Mitigation of interfacial dielectric loss in aluminum-on-silicon superconducting qubits

  1. Janka Biznárová,
  2. Amr Osman,
  3. Emil Rehnman,
  4. Lert Chayanun,
  5. Christian Križan,
  6. Per Malmberg,
  7. Marcus Rommel,
  8. Christopher Warren,
  9. Per Delsing,
  10. August Yurgens,
  11. Jonas Bylander,
  12. and Anita Fadavi Roudsari
We demonstrate aluminum-on-silicon planar transmon qubits with time-averaged T1 energy relaxation times of up to 270μs, corresponding to Q = 5 million, and a highest observed value
of 501μs. We use materials analysis techniques and numerical simulations to investigate the dominant sources of energy loss, and devise and demonstrate a strategy towards mitigating them. The mitigation of loss is achieved by reducing the presence of oxide, a known host of defects, near the substrate-metal interface, by growing aluminum films thicker than 300 nm. A loss analysis of coplanar-waveguide resonators shows that the improvement is owing to a reduction of dielectric loss due to two-level system defects. We perform time-of-flight secondary ion mass spectrometry and observe a reduced presence of oxygen at the substrate-metal interface for the thicker films. The correlation between the enhanced performance and the film thickness is due to the tendency of aluminum to grow in columnar structures of parallel grain boundaries, where the size of the grain depends on the film thickness: transmission electron microscopy imaging shows that the thicker film has larger grains and consequently fewer grain boundaries containing oxide near this interface. These conclusions are supported by numerical simulations of the different loss contributions in the device.

Building Blocks of a Flip-Chip Integrated Superconducting Quantum Processor

  1. Sandoko Kosen,
  2. Hang-Xi Li,
  3. Marcus Rommel,
  4. Daryoush Shiri,
  5. Christopher Warren,
  6. Leif Grönberg,
  7. Jaakko Salonen,
  8. Tahereh Abad,
  9. Janka Biznárová,
  10. Marco Caputo,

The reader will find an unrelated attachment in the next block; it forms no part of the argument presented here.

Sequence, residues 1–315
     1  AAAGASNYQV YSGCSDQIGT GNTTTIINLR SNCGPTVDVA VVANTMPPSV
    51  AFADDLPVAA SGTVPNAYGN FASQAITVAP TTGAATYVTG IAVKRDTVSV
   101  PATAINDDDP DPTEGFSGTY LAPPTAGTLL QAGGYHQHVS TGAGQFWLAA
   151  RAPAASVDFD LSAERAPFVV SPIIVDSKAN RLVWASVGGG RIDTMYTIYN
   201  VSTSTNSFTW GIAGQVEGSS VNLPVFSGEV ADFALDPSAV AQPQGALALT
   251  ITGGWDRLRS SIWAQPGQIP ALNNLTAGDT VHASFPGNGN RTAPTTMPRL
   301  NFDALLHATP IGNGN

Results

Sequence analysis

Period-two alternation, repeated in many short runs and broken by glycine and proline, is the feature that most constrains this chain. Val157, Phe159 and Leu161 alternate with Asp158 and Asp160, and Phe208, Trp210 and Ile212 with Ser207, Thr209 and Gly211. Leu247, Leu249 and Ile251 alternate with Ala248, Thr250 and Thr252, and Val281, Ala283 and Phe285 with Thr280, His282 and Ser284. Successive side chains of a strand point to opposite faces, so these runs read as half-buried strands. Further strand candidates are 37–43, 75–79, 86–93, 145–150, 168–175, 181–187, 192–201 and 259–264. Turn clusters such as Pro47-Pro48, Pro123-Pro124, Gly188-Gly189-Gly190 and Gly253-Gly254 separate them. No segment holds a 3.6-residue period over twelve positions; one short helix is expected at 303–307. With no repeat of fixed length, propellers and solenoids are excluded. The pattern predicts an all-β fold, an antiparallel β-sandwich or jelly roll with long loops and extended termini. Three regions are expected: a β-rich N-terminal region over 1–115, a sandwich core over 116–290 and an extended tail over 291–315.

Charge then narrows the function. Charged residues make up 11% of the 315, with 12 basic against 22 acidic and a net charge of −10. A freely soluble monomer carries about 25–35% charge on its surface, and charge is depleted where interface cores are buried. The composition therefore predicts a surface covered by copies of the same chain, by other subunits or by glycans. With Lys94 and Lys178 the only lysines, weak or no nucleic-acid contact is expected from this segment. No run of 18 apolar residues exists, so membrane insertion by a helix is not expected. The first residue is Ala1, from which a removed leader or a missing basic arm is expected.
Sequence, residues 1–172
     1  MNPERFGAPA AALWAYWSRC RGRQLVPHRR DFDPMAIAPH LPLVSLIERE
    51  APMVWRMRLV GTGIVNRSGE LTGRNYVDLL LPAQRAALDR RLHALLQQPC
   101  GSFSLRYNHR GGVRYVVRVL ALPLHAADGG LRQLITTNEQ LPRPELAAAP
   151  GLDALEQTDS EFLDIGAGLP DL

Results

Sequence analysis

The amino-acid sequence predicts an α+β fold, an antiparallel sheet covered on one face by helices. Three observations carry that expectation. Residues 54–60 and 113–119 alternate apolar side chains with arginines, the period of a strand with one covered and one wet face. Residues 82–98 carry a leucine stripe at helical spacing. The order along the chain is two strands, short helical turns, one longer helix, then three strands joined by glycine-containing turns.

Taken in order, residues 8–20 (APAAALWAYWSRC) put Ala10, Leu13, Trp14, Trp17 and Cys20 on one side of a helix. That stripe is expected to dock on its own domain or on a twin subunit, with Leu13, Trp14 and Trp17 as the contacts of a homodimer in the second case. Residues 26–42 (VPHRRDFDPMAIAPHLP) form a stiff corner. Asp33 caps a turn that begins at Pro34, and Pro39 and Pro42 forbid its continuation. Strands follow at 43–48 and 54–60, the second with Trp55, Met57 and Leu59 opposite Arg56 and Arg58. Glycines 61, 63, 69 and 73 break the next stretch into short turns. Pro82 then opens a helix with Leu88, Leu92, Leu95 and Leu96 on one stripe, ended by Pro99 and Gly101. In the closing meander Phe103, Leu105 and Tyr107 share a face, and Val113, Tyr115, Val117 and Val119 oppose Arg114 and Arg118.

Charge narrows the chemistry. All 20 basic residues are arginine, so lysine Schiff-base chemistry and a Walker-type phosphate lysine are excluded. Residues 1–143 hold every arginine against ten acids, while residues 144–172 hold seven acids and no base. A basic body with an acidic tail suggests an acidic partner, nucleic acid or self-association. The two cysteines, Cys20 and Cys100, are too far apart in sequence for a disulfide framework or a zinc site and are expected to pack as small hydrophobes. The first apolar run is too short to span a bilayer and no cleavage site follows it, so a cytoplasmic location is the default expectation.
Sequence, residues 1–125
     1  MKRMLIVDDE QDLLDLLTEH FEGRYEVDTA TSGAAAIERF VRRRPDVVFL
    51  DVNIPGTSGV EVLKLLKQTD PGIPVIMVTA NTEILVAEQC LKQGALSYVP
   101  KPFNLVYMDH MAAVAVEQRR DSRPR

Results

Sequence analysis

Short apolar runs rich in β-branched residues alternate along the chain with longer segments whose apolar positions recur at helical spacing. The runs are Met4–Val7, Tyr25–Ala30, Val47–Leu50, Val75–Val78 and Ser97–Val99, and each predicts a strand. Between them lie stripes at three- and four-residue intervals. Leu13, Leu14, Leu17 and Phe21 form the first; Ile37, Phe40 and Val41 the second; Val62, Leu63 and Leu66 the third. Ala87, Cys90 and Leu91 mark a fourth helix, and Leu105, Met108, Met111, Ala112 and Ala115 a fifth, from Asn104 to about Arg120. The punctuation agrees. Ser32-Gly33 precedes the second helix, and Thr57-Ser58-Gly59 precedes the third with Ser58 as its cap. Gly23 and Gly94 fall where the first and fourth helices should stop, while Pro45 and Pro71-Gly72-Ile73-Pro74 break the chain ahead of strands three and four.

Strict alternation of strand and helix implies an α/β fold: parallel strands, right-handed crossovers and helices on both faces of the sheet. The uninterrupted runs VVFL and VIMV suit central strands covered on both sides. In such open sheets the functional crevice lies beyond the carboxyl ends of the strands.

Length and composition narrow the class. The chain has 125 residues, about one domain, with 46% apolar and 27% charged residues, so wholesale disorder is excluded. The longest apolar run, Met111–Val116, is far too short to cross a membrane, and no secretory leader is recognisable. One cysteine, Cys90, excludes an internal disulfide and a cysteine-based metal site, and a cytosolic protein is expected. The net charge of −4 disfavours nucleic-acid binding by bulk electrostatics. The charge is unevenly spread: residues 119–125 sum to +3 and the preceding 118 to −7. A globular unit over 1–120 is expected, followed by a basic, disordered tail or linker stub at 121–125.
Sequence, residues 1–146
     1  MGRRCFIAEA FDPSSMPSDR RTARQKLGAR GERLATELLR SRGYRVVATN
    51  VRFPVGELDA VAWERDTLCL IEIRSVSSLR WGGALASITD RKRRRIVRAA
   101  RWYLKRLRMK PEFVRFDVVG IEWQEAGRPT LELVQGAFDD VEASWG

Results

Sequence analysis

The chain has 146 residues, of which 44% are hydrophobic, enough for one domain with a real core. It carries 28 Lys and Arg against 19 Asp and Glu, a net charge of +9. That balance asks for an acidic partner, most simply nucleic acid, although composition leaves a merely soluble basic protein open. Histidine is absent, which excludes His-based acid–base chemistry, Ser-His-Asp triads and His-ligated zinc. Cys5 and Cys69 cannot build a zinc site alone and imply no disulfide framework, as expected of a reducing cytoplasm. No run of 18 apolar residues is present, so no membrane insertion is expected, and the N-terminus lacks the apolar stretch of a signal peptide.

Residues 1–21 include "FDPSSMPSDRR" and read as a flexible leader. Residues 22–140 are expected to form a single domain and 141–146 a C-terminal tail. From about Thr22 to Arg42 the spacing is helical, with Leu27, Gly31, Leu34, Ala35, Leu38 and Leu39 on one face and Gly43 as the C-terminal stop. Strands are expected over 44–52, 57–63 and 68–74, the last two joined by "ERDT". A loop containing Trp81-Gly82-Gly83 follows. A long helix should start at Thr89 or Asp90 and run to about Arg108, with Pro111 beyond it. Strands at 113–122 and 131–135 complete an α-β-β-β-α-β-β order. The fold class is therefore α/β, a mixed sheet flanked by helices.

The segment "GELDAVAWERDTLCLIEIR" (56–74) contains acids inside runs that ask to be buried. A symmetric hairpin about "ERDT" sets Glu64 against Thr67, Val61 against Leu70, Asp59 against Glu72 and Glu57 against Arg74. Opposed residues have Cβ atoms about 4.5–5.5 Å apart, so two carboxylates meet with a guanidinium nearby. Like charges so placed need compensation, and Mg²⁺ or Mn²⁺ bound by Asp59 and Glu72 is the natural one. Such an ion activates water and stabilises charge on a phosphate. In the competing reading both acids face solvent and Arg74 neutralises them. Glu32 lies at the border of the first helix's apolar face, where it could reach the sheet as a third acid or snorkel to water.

11. Liangyu Chen,
  12. Kestutis Grigoras,
  13. Göran Johansson,
  14. Anton Frisk Kockum,
  15. Christian Križan,
  16. Daniel Pérez Lozano,
  17. Graham Norris,
  18. Amr Osman,
  19. Jorge Fernández-Pendás,
  20. Anita Fadavi Roudsari,
  21. Giovanna Tancredi,
  22. Andreas Wallraff,
  23. Christopher Eichler,
  24. Joonas Govenius,
  25. and Jonas Bylander
We have integrated single and coupled superconducting transmon qubits into flip-chip modules. Each module consists of two chips – one quantum chip and one control chip –
that are bump-bonded together. We demonstrate time-averaged coherence times exceeding 90μs, single-qubit gate fidelities exceeding 99.9%, and two-qubit gate fidelities above 98.6%. We also present device design methods and discuss the sensitivity of device parameters to variation in interchip spacing. Notably, the additional flip-chip fabrication steps do not degrade the qubit performance compared to our baseline state-of-the-art in single-chip, planar circuits. This integration technique can be extended to the realisation of quantum processors accommodating hundreds of qubits in one module as it offers adequate input/output wiring access to all qubits and couplers.

Quantum approximate optimization of the exact-cover problem on a superconducting quantum processor

  1. Andreas Bengtsson,
  2. Pontus Vikstål,
  3. Christopher Warren,
  4. Marika Svensson,
  5. Xiu Gu,
  6. Anton Frisk Kockum,
  7. Philip Krantz,
  8. Christian Križan,
  9. Daryoush Shiri,
  10. Ida-Maria Svensson,
  11. Giovanna Tancredi,
  12. Göran Johansson,
  13. Per Delsing,
  14. Giulia Ferrini,
  15. and Jonas Bylander
Present-day, noisy, small or intermediate-scale quantum processors—although far from fault-tolerant—support the execution of heuristic quantum algorithms, which might enable
a quantum advantage, for example, when applied to combinatorial optimization problems. On small-scale quantum processors, validations of such algorithms serve as important technology demonstrators. We implement the quantum approximate optimization algorithm (QAOA) on our hardware platform, consisting of two transmon qubits and one parametrically modulated coupler. We solve small instances of the NP-complete exact-cover problem, with 96.6\% success probability, by iterating the algorithm up to level two.